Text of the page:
A Tale of Two Pizza’s

The choice is thick or thin. Families have been at stalemate for centuries with knife and fork in hand.

The thing to know about pizza is that there is no middle ground for thick or thin. As you read this, you already know your favorite style. Unless God forbid, you are a carb counting, card-carrying, cauliflower crust loving Karen! If that’s you, go ahead and stop reading now.


For the rest of us, we want flavor. We like cheese, especially for Americans; we want every topping, including the kitchen sink on our pizza. I mean, can you really be a Fun-guy without mushrooms?
For me, I’ve always favored thick crust, double mozzarella, Canadian bacon, mushrooms, and dare I say it… pineapple. Yep there it is. Perfection.


During a recent trip up North, I started daydreaming about pizza. I messaged friends who I know live or have lived in Chicago, asking for authentic deep-dish pizza location recommendations. They all messaged back with the name Lou Malnati’s. With an honorable mention, they named Giordanos as their second choice.
From where I was in Michigan, I charted my course to the Windy City. It was three states and two hours away. With a full tank of gas and an address plugged into my GPS, I was on my way.

Peroni Italian Beer


Chicago signage has a sense of nostalgia. Maybe it reminded me of the way Hollywood portrays the strong economic era before the 2nd World War. Strong, confident, and welcoming. The sign to Malnati’s is no different. It beckoned me from across the street as soon as I saw it.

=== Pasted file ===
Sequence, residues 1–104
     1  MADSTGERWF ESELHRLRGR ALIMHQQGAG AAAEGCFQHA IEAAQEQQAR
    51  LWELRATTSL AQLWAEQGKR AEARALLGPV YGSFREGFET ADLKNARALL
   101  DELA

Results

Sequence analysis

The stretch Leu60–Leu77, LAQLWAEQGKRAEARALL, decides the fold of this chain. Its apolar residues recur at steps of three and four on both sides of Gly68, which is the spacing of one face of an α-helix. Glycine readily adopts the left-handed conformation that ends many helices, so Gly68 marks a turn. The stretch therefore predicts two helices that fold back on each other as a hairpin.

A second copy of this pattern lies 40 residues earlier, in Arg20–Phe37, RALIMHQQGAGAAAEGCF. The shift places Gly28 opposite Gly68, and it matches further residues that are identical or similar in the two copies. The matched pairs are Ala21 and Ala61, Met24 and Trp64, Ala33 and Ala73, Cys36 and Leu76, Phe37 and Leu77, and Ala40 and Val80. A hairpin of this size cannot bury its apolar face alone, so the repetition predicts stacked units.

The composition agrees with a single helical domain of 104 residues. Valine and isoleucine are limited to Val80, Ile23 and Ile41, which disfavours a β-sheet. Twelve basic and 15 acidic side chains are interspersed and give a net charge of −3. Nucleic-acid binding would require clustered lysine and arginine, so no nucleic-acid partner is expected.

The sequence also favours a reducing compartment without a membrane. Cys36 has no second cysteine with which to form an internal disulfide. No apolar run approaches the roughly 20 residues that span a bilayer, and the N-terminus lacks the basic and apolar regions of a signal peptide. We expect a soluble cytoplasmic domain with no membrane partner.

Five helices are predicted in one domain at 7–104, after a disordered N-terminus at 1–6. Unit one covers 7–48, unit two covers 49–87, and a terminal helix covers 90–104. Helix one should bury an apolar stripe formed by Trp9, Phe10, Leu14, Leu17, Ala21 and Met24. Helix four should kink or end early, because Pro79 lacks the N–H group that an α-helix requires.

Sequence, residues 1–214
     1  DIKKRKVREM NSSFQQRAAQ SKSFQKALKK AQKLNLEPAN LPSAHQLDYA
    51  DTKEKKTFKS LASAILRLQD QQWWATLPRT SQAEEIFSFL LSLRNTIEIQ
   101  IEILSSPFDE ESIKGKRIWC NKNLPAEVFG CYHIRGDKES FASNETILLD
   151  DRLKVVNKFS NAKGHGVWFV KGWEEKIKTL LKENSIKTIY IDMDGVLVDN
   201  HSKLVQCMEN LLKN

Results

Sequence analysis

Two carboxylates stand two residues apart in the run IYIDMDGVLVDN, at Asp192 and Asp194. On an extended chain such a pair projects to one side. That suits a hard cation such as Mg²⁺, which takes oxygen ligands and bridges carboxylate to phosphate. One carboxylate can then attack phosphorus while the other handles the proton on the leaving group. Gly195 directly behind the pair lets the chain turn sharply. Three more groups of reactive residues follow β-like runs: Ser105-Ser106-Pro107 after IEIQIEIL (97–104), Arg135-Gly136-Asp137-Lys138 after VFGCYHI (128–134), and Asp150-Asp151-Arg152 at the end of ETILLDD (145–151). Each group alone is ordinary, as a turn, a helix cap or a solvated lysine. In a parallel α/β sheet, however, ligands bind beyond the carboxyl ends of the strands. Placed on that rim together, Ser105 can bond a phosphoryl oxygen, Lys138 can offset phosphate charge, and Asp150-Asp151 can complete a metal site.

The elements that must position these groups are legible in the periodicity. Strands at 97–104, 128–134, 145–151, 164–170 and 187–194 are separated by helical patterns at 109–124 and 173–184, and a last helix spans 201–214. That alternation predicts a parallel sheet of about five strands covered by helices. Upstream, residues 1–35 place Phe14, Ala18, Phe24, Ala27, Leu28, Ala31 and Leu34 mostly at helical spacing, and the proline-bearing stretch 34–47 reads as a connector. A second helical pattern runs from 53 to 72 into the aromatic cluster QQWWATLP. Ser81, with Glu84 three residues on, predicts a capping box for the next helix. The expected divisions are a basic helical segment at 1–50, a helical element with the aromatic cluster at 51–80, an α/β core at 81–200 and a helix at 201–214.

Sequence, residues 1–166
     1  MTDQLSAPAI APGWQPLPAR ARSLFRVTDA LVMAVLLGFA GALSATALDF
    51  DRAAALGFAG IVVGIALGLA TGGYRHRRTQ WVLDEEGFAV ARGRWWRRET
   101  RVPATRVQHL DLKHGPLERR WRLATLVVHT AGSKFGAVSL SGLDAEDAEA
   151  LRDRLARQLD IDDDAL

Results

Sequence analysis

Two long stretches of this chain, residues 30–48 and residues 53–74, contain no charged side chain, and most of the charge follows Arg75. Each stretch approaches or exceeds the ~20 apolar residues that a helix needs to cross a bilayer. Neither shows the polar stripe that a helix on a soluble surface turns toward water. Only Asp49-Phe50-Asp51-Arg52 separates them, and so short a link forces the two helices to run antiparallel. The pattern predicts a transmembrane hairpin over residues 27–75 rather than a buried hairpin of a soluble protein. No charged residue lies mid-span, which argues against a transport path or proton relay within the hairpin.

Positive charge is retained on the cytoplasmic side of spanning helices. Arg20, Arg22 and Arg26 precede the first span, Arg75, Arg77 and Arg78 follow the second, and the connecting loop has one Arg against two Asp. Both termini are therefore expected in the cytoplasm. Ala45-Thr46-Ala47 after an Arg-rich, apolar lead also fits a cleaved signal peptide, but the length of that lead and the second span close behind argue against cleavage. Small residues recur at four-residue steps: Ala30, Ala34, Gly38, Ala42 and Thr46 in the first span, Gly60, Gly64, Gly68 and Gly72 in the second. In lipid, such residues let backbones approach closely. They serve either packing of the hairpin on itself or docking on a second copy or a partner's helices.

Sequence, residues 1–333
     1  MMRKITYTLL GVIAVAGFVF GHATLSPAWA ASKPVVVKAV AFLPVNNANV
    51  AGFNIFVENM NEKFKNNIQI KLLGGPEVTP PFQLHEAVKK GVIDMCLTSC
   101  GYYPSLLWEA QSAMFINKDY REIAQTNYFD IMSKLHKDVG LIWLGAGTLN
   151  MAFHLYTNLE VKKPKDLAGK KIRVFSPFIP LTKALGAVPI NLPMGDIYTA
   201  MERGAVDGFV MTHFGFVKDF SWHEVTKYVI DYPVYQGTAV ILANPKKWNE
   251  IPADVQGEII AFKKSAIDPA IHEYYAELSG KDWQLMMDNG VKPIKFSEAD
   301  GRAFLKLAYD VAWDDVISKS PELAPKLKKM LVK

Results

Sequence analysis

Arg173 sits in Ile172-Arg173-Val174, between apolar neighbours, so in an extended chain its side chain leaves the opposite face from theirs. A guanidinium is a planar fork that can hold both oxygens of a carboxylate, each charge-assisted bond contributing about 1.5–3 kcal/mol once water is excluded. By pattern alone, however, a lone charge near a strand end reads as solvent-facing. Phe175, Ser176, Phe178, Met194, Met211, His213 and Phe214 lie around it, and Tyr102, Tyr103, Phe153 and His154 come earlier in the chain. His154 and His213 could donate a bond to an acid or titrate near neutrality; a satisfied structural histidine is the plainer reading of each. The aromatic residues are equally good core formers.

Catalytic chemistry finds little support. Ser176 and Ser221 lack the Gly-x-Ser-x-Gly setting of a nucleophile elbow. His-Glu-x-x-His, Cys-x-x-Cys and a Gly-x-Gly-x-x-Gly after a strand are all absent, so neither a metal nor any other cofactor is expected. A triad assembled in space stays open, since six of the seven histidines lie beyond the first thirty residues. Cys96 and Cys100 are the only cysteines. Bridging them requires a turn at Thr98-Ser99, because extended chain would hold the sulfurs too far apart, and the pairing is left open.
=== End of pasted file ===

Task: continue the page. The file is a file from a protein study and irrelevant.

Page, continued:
I was that guy. I was the hungry guy who followed my nose through the front door. My timing was perfect. It was that sweet spot between lunch and dinner. Lucky me, they had a table at their rollup glass garage door. On a 1-10 level of food excitement, I was a 10. So excited that I ordered two pizzas. I wanted to experience all of it.

Two authentic Chicago Deep Dish pizzas


The uniqueness of Lou’s is the Butter Crust. It coats your fingers and prepares your tastebuds for the boldness of the pie. I chose “The Malnati.” The sausage had a little kick that made my nose run before I finished my first slice; thats a good thing. Along with the vine tomato sauce and extra cheese, it would be hard to beat. My second pizza choice was “The Lou,” named after the founder. In my opinion, this is an excellent complement to the first pie. The three kinds of cheese bridged the void from the plate to my mouth. Add the flavor of spinach, garlic, basil, onion, mushrooms, and sliced tomatoes!!! Yes, please.
I washed everything down with an Italian beer and took in the moment. I was sitting in Chicago and happy in a food coma on deep-dish pizza.

Your turn, what and where is your favorite pizza?

Christmas Down Under

A few years ago, I spent Christmas in NYC. The entire city covered in beautiful decorations, crowds buzzing with excitable anticipation, the smells of home-cooked meals filling the air. And as much fun as it was running around town like I was Kevin McCallister, it just wasn’t the same as the Australian summertime Christmas I’m used to. We have some pretty unique traditions down here that may seem a little odd to those of you in the northern hemisphere!